Tim Marcin

by Dana Kester-McCabe

On the upper shore in Chestertown, Maryland you can find Washington College a private liberal arts school which was founded with gifts from George Washington. Each year a committee of English professors, grants the Sophie Kerr Prize to the graduating senior there who shows the most “ability and promise” as a writer. Chosen from among five finalists, this year’s winner was Tim Marcin, an English major, and captain of the soccer team, from Wilmington, Delaware. In the portfolio he submitted for consideration was a mix of poetry and nonfiction.

Sophie Kerr was a native of Denton, Maryland. She was a graduate of Hood College, but she received an honorary degree from Washington College. Sophie served as managing editor of a magazine called Woman’s Home Companion. She authored 23 novels and hundreds of short stories during the early to mid 20th century. You can still find many of her novels at online book sellers. The prize, which she endowed, is the largest literary award given to an undergraduate in the country. This year it was over $61,000.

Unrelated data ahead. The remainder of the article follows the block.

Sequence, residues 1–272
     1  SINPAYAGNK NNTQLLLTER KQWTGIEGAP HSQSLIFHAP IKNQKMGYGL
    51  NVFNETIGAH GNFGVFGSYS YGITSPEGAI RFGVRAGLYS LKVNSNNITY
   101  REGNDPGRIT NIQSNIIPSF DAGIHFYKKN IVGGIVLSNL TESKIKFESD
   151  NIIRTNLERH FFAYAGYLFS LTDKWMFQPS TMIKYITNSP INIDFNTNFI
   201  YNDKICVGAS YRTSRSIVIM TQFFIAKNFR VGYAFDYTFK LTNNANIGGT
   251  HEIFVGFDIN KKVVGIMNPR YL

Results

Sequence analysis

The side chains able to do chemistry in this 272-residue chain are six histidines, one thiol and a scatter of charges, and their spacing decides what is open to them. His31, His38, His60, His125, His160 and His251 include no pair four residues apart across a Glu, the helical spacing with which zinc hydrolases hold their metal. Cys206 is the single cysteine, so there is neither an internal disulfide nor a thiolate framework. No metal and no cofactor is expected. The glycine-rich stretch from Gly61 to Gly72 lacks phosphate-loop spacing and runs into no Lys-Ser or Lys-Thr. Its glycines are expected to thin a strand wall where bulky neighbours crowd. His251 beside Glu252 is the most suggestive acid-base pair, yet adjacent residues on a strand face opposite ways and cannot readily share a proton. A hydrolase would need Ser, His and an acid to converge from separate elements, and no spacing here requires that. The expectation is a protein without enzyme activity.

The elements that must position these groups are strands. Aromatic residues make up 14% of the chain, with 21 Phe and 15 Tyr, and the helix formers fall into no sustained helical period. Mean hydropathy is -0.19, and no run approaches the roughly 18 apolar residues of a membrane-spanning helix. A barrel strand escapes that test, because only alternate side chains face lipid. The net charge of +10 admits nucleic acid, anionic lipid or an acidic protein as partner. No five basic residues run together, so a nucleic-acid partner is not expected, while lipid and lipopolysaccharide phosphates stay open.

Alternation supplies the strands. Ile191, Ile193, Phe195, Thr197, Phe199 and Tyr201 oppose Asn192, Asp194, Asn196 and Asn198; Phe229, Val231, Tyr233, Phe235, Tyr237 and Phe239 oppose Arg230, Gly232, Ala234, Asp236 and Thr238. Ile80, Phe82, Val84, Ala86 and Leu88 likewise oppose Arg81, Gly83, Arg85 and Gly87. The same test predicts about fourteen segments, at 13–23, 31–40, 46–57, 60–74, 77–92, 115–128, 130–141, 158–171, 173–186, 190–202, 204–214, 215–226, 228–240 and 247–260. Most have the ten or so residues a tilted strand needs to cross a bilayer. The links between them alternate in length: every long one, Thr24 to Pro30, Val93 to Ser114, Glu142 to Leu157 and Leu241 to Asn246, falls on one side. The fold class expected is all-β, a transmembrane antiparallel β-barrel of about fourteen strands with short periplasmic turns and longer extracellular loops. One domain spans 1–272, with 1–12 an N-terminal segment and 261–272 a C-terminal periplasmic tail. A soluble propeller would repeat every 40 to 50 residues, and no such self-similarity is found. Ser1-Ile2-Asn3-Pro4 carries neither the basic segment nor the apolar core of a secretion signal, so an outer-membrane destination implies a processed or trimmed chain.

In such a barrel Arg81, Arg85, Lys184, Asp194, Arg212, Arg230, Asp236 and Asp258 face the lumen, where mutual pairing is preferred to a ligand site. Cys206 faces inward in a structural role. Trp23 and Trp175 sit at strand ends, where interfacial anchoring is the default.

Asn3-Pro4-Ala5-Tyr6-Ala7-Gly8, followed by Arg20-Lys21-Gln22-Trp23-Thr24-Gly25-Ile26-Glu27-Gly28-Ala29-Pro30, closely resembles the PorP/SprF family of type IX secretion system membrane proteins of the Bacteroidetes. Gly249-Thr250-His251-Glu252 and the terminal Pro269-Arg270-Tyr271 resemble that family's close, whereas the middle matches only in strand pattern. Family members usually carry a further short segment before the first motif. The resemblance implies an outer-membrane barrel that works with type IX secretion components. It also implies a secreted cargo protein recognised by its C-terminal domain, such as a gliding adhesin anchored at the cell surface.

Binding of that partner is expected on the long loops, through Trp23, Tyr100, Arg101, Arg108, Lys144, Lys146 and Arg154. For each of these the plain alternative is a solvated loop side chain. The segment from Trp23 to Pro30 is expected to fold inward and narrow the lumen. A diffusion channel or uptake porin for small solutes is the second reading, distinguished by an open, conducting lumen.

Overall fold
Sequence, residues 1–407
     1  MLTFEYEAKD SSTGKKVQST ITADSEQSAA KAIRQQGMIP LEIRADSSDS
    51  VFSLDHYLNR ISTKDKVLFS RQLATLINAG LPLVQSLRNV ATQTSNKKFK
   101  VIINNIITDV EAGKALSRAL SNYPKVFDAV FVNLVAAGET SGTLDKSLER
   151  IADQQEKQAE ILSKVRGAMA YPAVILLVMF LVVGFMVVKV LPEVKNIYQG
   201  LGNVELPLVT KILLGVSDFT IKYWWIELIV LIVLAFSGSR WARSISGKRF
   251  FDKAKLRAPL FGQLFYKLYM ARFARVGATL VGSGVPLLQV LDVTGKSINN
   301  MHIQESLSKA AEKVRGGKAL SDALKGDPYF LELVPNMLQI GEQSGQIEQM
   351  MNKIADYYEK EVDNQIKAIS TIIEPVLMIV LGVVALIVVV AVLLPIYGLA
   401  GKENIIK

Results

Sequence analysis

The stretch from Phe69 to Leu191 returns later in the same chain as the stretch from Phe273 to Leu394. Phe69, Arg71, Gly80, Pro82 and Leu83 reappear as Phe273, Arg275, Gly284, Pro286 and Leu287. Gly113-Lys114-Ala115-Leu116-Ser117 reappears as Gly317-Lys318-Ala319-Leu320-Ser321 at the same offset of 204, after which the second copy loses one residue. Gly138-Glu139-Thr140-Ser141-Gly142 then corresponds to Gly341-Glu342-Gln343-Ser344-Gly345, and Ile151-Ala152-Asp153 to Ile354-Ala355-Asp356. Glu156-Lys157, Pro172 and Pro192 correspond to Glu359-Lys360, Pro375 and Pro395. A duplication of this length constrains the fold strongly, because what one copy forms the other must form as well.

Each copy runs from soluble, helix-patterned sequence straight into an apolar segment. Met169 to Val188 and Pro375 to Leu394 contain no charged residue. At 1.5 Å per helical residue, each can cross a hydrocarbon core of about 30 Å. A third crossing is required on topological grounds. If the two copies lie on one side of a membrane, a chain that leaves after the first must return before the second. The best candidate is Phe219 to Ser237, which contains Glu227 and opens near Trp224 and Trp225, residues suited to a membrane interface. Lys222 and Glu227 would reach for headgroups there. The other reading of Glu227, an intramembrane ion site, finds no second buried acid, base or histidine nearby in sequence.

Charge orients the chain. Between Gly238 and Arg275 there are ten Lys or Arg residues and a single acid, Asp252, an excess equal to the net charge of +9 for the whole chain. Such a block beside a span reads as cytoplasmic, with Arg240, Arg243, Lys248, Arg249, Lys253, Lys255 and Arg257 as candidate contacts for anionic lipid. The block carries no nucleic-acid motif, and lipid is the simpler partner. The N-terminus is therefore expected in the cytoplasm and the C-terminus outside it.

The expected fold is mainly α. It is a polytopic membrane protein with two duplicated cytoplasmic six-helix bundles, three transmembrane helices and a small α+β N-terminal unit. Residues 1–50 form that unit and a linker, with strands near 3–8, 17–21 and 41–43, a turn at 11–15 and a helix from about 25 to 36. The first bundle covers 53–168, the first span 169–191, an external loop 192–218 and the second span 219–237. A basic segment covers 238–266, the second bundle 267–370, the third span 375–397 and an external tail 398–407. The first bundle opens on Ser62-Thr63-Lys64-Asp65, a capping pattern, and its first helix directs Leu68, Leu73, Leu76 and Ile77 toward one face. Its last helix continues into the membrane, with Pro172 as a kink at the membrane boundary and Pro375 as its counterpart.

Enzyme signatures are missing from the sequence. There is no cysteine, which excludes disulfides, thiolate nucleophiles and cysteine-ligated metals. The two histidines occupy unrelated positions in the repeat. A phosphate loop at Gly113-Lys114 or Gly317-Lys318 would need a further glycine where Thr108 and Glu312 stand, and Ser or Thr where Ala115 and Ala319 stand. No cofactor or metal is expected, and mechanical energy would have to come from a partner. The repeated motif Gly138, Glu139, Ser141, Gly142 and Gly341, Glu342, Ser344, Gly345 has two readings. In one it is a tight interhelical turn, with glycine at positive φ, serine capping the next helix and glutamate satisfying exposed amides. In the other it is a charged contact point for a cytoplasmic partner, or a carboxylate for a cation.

At the award ceremony Tim read from the introduction to his the portfolio he submitted for consideration. The award ceremony was held this year at one of the most renowned libraries in the country, the Enoch Pratt in Baltimore. Michael Dirda, an author and book critic for the Washington Post, was the keynote speaker at the award ceremony. Dirda spent time with all the finalists and encouraged them to live their dreams.

Like many writers music has influenced Tim’s writing. His poetry reflects his young life with subjects like teen love and simple enjoyment of the summer and nature. It is no surprise that classics by Bob Dylan have inspired him. So far much of what Tim has written has been for class, but he has also written about his own experience at the recent Boston Marathon tragedy.

Tim has been inducted into Phi Beta Kappa. He has received numerous awards and was the first student in Washington College history to win both the William Warner and Veryan Beacham literary prizes. Being an athlete has played a big part in Tim’s success as a student and as a writer.

Being a team player is also part of being a journalist which Tim experienced working on the student newspaper The Elm, where he has served as the sports editor. Serving as an editor and the captain of the soccer team has taught Tim about taking and giving constructive criticism along with what it means to stand up for one’s own creative vision.

Tim would encourage other students who aspire to be writers to consider the writing program at Washington College. After what was clearly a busy senior year, Tim heads off to grad school next September at Northwestern University Medill School of Journalism.


Hear the full reading Tim gave from his portfolio; watch the awards ceremony; and learn more about Sophie Kerr at:

Washing College

Washing College Student Newspaper - Sports Editor’s Goodbye - by Tim Marcin